Before showing in the timeline, each event text is modified in the Angular App code (file: /js/great-war-app.js), so that each country shows as a link. This is done by replacing the plain text of the country's name that comes from the service by an anchor HTML element (<a>).

angular.forEach(model.countries, function (v2, k2) {
var c = model.countries[k2];
ev.text = ev.text.replace(new RegExp('\@' + c.name, 'g')
    , '<a country-link="' + c.name + '">' + c.name + '</a>');
if (k2 == 0)
    this.year = v2.year;
});

There is a problem with this approach, though. When you simply bind a text containing HTML tags, they will be converted as plain text and shown as-is by Angular binding engine. If we want to automatically converted any HTML tags inside text in the binding, we should combile through a specialized directive, such as:

var app = angular.module("greatWarApp", ["angular-bind-html-compile", "youtube-embed", "infinite-scroll"]);

The next step will be to replace the usual ng-bind-html directive by the attribute of the specialized bind-html-compile directive, and the binding value will magically be interpreted as HTML code:

<div bind-html-compile="event.text"></div>

Notice also that each country name is replaced by an anchor element with the attribute country-link. This attribute invokes the custom directive <class>countryLink, which in turn will handle the mouseenter, mouseleave and click events on the country's link.

    app.directive('countryLink', function () {
    var SELECTED_HIGHLIGHTED = 'highlighted';
    return {
        restrict: 'A',
        scope: {
            countryLink: '@'
        },
        link: function (scope, element) {
            element.on('mouseenter', function () {
                movie.sendMessage('enterCountry', {
                    country: scope.countryLink
                });
            });
            element.on('mouseleave', function () {
                movie.sendMessage('leaveCountry', {
                    country: scope.countryLink
                });
            });
            element.on('click', function () {
                movie.sendMessage('clickLocation', {
                    country: scope.countryLink
                });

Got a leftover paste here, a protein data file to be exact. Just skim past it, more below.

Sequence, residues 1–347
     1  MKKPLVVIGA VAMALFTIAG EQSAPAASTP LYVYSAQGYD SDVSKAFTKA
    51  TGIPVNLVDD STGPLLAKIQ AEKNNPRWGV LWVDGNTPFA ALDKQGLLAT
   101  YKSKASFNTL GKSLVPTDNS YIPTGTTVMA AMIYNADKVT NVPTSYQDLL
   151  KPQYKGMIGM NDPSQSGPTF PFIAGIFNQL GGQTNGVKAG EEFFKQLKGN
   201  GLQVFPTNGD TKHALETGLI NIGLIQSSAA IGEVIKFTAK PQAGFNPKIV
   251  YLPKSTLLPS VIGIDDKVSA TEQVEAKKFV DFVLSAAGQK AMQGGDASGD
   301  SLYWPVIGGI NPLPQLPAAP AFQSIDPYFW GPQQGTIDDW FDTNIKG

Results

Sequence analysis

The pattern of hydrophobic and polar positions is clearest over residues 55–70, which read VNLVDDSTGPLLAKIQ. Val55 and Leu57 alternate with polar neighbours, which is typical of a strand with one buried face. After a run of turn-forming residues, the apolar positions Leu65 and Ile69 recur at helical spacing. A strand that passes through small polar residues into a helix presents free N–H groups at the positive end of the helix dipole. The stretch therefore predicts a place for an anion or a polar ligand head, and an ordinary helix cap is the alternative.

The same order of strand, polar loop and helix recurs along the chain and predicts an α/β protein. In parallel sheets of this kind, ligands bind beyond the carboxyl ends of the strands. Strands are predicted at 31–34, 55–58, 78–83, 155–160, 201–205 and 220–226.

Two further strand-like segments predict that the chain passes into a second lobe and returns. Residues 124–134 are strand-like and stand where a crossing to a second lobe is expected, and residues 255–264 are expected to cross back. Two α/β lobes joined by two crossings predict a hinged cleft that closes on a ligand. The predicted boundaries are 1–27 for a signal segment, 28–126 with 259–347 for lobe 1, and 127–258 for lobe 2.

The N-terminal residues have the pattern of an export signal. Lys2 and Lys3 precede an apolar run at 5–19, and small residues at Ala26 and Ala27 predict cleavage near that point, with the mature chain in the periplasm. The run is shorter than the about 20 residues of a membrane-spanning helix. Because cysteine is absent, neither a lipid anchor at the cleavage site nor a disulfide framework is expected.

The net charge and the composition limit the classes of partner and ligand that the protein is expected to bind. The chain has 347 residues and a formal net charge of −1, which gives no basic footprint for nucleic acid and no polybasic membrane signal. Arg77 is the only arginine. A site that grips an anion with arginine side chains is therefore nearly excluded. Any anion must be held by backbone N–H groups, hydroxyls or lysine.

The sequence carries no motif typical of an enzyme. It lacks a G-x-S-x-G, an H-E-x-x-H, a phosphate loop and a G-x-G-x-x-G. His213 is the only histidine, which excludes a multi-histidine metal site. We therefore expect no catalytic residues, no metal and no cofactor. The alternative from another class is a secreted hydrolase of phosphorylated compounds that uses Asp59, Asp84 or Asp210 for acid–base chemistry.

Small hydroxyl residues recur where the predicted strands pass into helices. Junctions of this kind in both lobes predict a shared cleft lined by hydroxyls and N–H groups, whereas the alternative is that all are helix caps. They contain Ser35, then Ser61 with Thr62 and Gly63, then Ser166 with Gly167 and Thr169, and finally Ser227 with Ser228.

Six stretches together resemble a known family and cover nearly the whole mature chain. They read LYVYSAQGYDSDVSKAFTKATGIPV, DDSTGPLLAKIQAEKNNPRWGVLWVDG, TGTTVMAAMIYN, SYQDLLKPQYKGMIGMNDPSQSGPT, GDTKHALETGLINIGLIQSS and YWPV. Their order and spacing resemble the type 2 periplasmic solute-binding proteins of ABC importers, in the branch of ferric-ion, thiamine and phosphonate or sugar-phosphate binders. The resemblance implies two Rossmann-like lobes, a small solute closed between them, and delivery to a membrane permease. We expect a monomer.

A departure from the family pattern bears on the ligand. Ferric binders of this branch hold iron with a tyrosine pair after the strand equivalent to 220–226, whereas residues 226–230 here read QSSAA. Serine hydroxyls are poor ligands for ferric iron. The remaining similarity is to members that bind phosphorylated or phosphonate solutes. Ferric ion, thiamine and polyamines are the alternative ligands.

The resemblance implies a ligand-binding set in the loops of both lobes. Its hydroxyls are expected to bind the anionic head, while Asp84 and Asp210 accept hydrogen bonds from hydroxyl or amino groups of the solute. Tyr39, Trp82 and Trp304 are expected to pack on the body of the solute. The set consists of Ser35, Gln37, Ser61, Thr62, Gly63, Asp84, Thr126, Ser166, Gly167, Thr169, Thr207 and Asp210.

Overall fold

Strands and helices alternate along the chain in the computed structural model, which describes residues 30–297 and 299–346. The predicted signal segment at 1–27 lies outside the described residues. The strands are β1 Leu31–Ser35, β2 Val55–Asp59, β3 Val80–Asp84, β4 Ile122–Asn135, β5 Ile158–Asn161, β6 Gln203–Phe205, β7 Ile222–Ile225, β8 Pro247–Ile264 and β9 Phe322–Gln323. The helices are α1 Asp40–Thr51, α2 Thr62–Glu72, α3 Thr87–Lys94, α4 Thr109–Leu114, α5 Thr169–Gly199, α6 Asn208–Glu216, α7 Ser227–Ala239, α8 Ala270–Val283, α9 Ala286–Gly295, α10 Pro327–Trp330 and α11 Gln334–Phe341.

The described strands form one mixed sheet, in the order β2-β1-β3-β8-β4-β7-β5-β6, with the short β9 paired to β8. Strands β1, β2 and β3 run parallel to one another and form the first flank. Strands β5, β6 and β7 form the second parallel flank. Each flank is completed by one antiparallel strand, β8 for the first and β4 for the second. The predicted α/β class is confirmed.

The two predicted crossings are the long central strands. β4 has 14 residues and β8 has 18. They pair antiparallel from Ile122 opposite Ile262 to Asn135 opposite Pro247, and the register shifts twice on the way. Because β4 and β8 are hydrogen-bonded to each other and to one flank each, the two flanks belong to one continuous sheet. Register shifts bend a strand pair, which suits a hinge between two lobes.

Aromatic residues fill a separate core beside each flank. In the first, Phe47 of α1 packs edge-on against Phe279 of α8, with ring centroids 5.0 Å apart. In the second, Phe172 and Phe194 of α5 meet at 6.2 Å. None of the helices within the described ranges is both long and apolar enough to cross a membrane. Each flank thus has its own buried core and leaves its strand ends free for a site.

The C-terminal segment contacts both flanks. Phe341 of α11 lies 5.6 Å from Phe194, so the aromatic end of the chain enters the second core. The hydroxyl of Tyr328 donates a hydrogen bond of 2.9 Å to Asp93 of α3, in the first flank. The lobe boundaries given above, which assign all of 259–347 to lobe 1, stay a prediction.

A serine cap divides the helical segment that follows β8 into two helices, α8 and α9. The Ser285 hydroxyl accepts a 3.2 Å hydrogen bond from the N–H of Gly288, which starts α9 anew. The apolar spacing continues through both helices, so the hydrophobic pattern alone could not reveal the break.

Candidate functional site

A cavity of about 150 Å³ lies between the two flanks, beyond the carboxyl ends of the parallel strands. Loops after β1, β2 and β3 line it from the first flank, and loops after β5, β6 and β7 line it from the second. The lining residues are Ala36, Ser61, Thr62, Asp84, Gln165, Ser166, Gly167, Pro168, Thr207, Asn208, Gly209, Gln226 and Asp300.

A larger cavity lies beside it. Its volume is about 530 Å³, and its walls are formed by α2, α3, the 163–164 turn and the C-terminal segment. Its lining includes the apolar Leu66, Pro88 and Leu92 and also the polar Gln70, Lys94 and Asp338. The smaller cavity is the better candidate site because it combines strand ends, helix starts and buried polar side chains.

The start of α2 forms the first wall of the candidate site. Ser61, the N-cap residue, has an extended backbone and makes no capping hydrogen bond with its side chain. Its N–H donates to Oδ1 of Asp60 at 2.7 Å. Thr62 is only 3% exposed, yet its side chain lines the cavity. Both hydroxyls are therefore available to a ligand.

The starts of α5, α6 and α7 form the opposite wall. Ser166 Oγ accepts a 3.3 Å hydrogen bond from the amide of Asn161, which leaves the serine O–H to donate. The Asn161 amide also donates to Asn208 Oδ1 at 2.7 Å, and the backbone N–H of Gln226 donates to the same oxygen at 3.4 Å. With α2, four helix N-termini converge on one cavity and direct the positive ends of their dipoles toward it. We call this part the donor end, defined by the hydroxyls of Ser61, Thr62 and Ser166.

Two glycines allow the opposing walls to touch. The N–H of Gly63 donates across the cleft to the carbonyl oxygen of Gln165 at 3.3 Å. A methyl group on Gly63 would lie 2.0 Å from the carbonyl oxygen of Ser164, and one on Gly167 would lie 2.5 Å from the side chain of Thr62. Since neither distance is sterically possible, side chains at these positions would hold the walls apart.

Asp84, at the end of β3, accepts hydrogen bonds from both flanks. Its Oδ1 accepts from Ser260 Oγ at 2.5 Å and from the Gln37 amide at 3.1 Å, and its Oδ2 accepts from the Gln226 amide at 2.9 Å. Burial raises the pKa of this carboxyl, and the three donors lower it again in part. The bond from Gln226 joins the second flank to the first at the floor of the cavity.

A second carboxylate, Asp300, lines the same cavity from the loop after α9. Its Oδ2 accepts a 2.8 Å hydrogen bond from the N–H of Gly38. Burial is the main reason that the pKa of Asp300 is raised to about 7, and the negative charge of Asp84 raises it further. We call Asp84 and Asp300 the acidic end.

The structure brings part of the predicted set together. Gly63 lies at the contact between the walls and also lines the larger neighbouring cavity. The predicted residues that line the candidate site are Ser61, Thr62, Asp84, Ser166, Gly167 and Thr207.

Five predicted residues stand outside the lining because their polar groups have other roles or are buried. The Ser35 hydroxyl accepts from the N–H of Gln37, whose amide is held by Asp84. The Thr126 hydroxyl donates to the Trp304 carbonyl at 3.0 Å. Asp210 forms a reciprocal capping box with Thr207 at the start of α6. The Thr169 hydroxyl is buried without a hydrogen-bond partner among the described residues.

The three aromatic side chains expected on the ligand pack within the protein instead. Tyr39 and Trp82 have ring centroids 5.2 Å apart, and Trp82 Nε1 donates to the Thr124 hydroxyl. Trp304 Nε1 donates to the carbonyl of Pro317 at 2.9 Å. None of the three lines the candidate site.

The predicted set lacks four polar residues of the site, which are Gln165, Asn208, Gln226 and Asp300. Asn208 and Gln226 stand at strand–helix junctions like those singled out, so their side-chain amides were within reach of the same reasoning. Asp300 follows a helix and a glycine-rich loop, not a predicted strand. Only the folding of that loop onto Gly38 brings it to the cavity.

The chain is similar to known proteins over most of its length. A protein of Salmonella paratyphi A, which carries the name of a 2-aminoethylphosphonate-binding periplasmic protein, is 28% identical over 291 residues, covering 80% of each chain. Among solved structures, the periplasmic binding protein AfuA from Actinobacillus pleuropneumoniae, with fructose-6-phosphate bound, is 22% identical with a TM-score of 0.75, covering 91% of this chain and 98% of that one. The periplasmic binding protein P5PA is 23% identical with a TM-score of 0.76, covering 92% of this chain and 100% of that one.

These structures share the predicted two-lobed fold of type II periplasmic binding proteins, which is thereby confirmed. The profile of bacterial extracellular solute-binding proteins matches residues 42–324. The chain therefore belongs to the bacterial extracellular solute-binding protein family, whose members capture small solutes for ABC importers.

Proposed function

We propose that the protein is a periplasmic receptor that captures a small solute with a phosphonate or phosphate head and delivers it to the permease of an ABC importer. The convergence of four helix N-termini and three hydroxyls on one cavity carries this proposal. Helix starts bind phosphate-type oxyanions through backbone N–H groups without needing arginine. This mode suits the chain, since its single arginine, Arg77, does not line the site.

var countryName = element.attr('country-link');
                if (element.hasClass(SELECTED_HIGHLIGHTED)) {
                    $('.events-grid a[country-link="' + countryName + '"]').removeClass('highlighted');
                }
                else {
                    $('.events-grid a[country-link]').removeClass('highlighted');
                    $('.events-grid a[country-link="' + countryName + '"]').addClass('highlighted');
                }
            });
        }
    };
})

Infinite Scrolling

When you have a big mass of data to show, it makes sense to partition it in distinct pages that you retrieve as you browse. One common way to paginate is to provide a more button that your user hit when he/she wants to load more, or automatically make a request to the next chunk of data as the user reach the bottom of the current list, and this is what we call Infinite Scrolling.

There are many ways to implement such infinite scrolling, and thankfully we have some <class>Angular directives to do the job, including the ngInfiniteScroll directive, which is quite straightforward and quick to implement.

<div panel-type="timeline" infinite-scroll='timeline.nextPage()' infinite-scroll-disabled='timeline.scrollDisabled()' infinite-scroll-distance='1' infinite-scroll-container='".events-grid"'>
    <div class="row row-eq-height scrollbox-content" ng-repeat="event in timeline.events" event-position="{{event.position}}">
        <div class="col-xs-12 col-md-12" ng-hide="!(event.video.code) || !event.video.containerVisible">
            <div ng-class="event.video.containerVisibleCSSClass()">
                <youtube-video video-id="event.video.code" player-width="450" player-height="276" player="event.video.player" player-vars="event.video.vars"></youtube-video>
            </div>
        </div>
        <div class="col-xs-2 col-md-2 icon-container">
            <span class="icon-helper"></span>
            <span>
                <img src="img/icons/video.svg" width="32" height="32" ng-class="event.video.iconCSSClass()" ng-hide="!(event.video.code)" ng-click="event.video.click()" />
            </span>
        </div>
        <div class="col-xs-2 col-md-2">
            <div><span class="date" ng-bind="event.date"></span></div>
            <div><span class="year" ng-bind="event.year"></span></div>
        </div>
        <div class="col-xs-8 col-md-8">
            <div bind-html-compile="event.text"></div>
        </div>
        <div style='clear: both;'></div>
    </div>
</div>

The above code show the <class>nextPage function invoking the <class>search function, which in turn produces a request to the service at GetTimeline.ashx.

    Timeline.prototype.nextPage = function () {
    var after = function (context) {
        context.lastId = context.events[context.events.length - 1].id;
    }
    this.search(after);
};
.
.
.
Timeline.prototype.search = function (after) {
    if (this.busy) return;
    this.busy = true;
    var url = "/services/GetTimeline.ashx?lastId=" + this.lastId + '&txt=' + this.searchText;
    $http({
        method: 'GET',
        url: url
    }).then(function successCallback(response) {